One is not "better" than the other, contrary to common suggestions often debated here at EpicSki. They are both important movements that we must manage skillfully and continuously throughout turns to maintain balance and control edge angle and pressure on the skis.

That's it, in a nutshell. A search of the Epicski archives will unearth several lengthy discussions about these terms, but they're really quite simple. Applying them effectively in skiing may be another story!

Welcome to EpicSki, Yaughtben!

Best regards,
Bob Barnes
post #17 of 25
Bob! Bob! That is way too short. Are you all right?

Great graphic!
post #18 of 25
A little pressed for time--but if a picture is worth a thousand, that 2-frame animation must be worth a couple! I think I'm about on pace. . . .



Best regards,
Bob

PS--It's snowing hard here in Summit County!
post #19 of 25
Quote:
Originally Posted by mosh View Post
How about this,

Inclination is a turn entring strategy.
Angulations is a turn exiting strategy.
I like this too! You got to tell George this. I know he will like it.-----Wigs
post #20 of 25
I think George helped me understand this in the first place.
post #21 of 25
If we think about the middle of the turn transition & edge change, when skis are flat on the slope, when we are neutral, is when we probably see the least amount of lateral angles (angulation). Where ever in the arc we reach the highest edge angle is probably where we see the most angulation.

So as the turn developes from neutral, we create angulation as a function of creating the edge angles when and where we want them, and release those angles into the next transition as a function of how we want to release our edges. The process of angles-in, angles-out can become more radical as the turn shape becomes more radical, or leasure and we idle back and just cruise.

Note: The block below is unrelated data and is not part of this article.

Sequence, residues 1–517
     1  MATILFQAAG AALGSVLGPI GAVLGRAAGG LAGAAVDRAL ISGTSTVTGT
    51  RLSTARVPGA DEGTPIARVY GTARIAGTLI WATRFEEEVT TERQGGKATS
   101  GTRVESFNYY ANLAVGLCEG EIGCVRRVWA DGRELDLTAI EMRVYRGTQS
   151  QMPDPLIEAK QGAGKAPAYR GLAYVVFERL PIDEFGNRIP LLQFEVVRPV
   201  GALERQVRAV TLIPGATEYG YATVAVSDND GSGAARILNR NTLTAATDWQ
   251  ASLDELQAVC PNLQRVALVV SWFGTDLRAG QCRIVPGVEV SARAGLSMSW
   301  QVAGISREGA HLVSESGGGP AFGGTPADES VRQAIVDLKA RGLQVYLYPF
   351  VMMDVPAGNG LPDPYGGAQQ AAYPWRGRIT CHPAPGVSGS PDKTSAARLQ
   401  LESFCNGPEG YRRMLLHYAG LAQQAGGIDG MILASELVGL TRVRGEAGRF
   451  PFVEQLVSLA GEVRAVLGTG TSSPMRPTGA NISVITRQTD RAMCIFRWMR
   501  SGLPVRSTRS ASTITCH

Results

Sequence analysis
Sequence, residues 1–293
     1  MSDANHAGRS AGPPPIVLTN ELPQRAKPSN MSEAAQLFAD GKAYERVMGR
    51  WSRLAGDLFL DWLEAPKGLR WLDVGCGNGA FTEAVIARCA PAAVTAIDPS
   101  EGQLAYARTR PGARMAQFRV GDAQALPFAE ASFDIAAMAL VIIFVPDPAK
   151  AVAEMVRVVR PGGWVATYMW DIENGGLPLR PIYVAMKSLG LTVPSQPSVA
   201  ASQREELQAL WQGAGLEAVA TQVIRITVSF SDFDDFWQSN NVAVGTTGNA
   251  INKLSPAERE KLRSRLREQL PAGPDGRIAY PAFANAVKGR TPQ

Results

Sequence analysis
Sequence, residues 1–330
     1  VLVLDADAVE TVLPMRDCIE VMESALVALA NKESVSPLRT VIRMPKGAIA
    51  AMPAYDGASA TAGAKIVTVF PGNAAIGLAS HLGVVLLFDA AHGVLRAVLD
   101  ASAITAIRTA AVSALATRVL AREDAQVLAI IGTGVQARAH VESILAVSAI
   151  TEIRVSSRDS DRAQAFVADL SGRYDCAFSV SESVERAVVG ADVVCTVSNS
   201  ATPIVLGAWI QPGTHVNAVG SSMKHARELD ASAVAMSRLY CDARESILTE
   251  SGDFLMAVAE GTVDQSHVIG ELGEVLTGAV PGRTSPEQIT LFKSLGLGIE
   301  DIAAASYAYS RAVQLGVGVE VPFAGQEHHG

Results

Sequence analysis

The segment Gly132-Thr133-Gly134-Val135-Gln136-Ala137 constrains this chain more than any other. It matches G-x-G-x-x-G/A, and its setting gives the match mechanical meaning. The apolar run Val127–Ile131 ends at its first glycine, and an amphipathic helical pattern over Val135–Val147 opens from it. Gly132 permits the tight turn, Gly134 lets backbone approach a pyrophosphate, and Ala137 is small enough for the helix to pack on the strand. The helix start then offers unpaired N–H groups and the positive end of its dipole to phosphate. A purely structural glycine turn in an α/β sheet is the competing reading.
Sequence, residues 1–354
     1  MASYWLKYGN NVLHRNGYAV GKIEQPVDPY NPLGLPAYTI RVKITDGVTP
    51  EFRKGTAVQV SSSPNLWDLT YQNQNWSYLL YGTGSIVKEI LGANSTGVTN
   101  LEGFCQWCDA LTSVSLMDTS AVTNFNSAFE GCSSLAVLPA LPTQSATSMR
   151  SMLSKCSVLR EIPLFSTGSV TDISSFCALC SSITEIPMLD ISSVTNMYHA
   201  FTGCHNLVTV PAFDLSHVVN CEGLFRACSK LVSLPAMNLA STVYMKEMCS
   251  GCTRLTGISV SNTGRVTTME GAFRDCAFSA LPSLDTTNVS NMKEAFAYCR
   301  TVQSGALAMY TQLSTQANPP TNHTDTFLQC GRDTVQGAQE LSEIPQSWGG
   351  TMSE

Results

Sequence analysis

Weems refered to the stength of being aligned to our platform, with fewer angles. I see this reflected more in longer higher speed turns where the forces are greatest for the longest duration and we need to be stronger longer (by being longer and stacking the bones). Or in easy cruising when edge angles do not get all that high.

I grew up with inclination being a physics function of balancing to the outside forces of turns (represented as the line from CM to base of support). Angulation being a function of adjusting the edge angles. While they interacted, the served different functons. So I learned that the physics is that if we are turning we are inclined, with or without angles.

So it kinda boils down to what you is your purpose?
And how efficient do you want to be in making it happen?
Seems an invite to exploration and experimentation?

Lends to the old addage: 'Intent dictates technique'
post #22 of 25
Quote:
Originally Posted by Arcmeister View Post
If we think about the middle of the turn transition & edge change, when skis are flat on the slope, when we are neutral, is when we probably see the least amount of lateral angles (angulation). Where ever in the arc we reach the highest edge angle is probably where we see the most angulation.